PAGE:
Yediot exposes police lying on suppression of East Jerusalem protests
After an interlude, the Jerusalem police resumed arrests of Sheikh Jarrah protesters last Friday (March 12 2010.) On Sunday, the Jerusalem Post, like many other Israeli media outlets, ran the police statement on the incident nearly verbatim
Earlier on Friday, about 250 locals and left-wing protesters were stopped by police when they attempted to march toward Jewish houses in Sheikh Jarrah. Police declared that such a march would be illegal and ordered the protesters to return to the site of the demonstration. When they refused to do so, they were pushed back by force. They then began to chant slogans criticizing the Jewish presence in the neighborhood. Eight demonstrators were detained following the incident.
The protest organizers told a very different story and backed it up with photos and video. The media, however, are not usually inclined to fact check official statements. Note how the Post did not even add “police said,” even though the correspondent was clearly not present at the incident.
There are valuable exceptions, however. Last year, Coteret followed Globes columnist Matti Golan as he demonstrated how the IDF spokesperson had become accustomed to Israeli journalists happily filling the role of stenographers. Fortuitously, also on Sunday, Yediot published photographic evidence of blatant lying by the police regarding another incident East Jerusalem incident on Friday: The running over of a teenage Palestinian protester in Ras Al-Amud by a police vehicle. Below is a full translation of the article, with the photos at bottom.
Ronnie Shaked and Yaron Doron, Yediot, March 14 2010 [page 6; Hebrew original here]
Who really ran over the 14-year-old youth during the demonstrations that took place on Friday in Jerusalem’s Ras el-Amud neighborhood? The police contend that he was hit by a “white Subaru, evidently driven by an Arab,” but the photos shot by Yedioth Ahronoth photographer Atta Awisat expose the truth: the youth is lying underneath the tires of a police vehicle.
When rioting broke out in East Jerusalem prior to Friday morning Arab prayers, police went into action to quell the disturbances. A police vehicle traveling at high speed rushed into one of the streets of the Ras el-Amud neighborhood, in order to catch rock-throwers. En route, the vehicle hit a youth. The police in the vehicle took off in pursuit of rock-throwers, and, after detaining several of them, noticed the youth who had been hit by the vehicle’s rear wheel hobbling away on his injured leg. It later turned out that he sustained a broken foot.
The police arrested the youth, brought him to the Russian Compound and contacted his family. “Your son is under arrest and injured,” family members were told. “Come down to the station to pick him up and take him to the hospital,” the police said. The youth’s uncle, Jamil, arrived at the station. “I entered shed No. 4, and found my nephew sitting on the floor,” the uncle said yesterday. “The investigator asked me to lift him, place him on a chair and bring him into the interrogation room. I did what the policeman asked, and he allowed me to be present during questioning,” Jamil said.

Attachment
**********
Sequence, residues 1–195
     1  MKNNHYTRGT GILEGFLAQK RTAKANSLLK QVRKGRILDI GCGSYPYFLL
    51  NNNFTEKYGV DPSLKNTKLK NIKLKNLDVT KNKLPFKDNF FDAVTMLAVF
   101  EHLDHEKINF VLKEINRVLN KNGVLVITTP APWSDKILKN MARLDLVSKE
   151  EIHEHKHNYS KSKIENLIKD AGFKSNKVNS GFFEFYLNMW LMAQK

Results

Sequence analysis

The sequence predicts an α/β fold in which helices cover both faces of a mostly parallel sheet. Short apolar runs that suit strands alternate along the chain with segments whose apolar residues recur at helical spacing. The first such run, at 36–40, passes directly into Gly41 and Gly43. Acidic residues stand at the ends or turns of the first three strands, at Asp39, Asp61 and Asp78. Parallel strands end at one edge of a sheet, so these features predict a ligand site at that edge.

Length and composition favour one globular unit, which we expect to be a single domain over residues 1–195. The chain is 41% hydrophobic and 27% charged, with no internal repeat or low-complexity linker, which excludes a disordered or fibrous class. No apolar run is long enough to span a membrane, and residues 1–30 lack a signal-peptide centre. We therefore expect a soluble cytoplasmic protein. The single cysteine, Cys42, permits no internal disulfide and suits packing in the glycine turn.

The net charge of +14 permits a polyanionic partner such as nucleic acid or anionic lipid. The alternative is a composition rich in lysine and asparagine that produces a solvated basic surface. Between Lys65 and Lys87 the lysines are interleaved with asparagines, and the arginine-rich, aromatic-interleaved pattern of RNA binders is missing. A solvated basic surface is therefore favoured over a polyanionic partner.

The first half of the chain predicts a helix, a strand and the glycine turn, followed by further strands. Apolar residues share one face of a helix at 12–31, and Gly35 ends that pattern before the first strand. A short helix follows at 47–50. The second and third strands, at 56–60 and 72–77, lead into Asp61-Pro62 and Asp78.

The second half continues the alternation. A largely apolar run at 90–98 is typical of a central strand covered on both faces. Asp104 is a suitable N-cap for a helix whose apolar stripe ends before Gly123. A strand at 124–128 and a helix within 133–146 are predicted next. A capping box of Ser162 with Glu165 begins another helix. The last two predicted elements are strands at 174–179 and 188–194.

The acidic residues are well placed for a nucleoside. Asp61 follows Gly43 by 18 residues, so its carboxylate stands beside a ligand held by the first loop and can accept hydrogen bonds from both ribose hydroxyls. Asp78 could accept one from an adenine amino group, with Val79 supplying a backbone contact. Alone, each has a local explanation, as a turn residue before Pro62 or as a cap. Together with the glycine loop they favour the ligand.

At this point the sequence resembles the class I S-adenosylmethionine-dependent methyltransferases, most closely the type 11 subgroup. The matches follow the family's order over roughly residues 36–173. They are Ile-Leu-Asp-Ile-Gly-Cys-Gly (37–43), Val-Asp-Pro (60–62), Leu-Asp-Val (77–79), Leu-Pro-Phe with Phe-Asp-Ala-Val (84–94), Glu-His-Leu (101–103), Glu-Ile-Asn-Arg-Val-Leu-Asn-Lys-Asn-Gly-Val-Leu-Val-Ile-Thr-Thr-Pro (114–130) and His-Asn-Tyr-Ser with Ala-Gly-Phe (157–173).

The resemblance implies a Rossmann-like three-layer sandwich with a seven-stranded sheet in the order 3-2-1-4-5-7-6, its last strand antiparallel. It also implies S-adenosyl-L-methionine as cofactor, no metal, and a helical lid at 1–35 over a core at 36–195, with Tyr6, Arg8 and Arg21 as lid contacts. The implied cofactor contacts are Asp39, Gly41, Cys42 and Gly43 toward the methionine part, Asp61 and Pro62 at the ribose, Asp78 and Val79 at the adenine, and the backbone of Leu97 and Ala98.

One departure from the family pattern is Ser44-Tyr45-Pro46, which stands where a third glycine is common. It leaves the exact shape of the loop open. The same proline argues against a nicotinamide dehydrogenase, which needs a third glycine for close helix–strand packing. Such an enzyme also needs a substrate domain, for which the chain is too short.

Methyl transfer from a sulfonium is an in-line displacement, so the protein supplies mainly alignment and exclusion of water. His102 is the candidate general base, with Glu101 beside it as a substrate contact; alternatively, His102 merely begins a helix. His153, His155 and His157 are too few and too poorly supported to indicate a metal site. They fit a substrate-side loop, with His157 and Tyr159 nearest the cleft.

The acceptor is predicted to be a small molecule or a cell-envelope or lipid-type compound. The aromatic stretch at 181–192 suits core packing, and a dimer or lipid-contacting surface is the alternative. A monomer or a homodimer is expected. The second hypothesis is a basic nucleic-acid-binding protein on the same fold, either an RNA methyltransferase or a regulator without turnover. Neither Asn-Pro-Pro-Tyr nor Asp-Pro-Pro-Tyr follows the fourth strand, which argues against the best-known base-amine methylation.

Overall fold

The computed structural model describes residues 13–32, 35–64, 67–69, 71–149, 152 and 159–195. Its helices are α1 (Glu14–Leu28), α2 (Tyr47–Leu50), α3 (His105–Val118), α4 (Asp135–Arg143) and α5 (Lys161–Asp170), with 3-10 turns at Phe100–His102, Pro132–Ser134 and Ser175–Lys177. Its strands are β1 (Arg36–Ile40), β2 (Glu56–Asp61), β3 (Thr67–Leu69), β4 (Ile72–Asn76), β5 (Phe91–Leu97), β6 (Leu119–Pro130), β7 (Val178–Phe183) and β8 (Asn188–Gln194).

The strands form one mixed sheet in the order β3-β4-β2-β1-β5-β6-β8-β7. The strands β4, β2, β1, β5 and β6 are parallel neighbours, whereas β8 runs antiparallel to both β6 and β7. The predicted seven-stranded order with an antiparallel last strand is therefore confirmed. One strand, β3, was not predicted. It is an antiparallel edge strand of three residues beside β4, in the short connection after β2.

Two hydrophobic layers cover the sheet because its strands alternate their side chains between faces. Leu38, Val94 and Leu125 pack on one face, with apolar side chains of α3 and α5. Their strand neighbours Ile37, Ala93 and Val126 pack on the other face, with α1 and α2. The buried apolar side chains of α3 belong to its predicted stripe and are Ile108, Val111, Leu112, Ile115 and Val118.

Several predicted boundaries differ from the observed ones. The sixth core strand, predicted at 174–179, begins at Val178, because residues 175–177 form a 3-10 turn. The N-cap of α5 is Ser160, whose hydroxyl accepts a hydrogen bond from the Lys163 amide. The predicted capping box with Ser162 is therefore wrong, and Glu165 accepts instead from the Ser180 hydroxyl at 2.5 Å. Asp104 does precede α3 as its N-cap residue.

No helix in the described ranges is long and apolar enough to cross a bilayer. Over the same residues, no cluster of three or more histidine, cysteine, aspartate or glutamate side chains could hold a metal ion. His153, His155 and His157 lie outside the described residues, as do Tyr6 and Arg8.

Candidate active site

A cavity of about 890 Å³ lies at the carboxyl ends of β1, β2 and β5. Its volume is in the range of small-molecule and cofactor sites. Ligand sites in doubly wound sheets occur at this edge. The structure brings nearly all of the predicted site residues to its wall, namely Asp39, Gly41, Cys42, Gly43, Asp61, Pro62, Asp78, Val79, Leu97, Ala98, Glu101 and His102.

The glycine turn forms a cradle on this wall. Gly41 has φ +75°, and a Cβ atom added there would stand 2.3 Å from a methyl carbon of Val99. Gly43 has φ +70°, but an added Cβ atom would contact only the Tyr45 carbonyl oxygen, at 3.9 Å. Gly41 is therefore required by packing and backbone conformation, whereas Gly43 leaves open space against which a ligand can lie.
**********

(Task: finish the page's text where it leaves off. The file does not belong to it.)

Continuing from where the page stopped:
During the questioning, the youth denied throwing stones. “It was a coincidence that I was on that street,” the youth said. “A white vehicle came along very fast and hit me. The police arrested me and brought me to the Russian Compound,” the youth said.
The uncle, who was not yet aware that it was a police vehicle that had hit his nephew, asked the investigator why the police hadn’t stopped the car and attempted to identify it. He claimed that the police officer said, “We were in the middle of operational activity, and during a war we’re not interested in motor vehicle accidents, but rather the mission itself.” The investigator asked the uncle to take the youth to the hospital, and said, “because he’s injured, we won’t arrest him.” According to the uncle, when he asked why the police didn’t take the youth for medical treatment, the investigator answered, We were in the middle of a skirmish, and didn’t notice that he was injured.” From the police station, the youth was taken to Hadassah Mt. Scopus Hospital. An x-ray showed that he had a broken foot, which was put in a cast.
The photos taken by the Yedioth Ahronoth photographer clearly indicate that the youth was hit by a police vehicle, but the police assert that this is not the case. According to the uncle, the police at the station told him that he was hit by “a fast-traveling white vehicle, which then fled the scene.” One detail in this description is correct: it was a white vehicle. But there’s no denying that it was a police vehicle, according to the license plate.
In an official response, the police said: “The youth, together with several other Arab youths, were throwing stones at Border Police. In his statement to the police, the youth said he was hit by a white Subaru, evidently driven by an Arab. The vehicle fled the scene of the accident. When the youth pointed out to the investigators his minor injuries, he was released for medical treatment at the hospital.” The police also say they are looking for the driver of the vehicle in question.
Yedioth Ahronoth again contacted the police, saying they had solid evidence that the youth had been, in fact, hit by a police vehicle. But police are sticking to their story that it is falsified evidence, intended to heat up an already exacerbated situation. Is the evidence faked? The photos on these pages speak for themselves.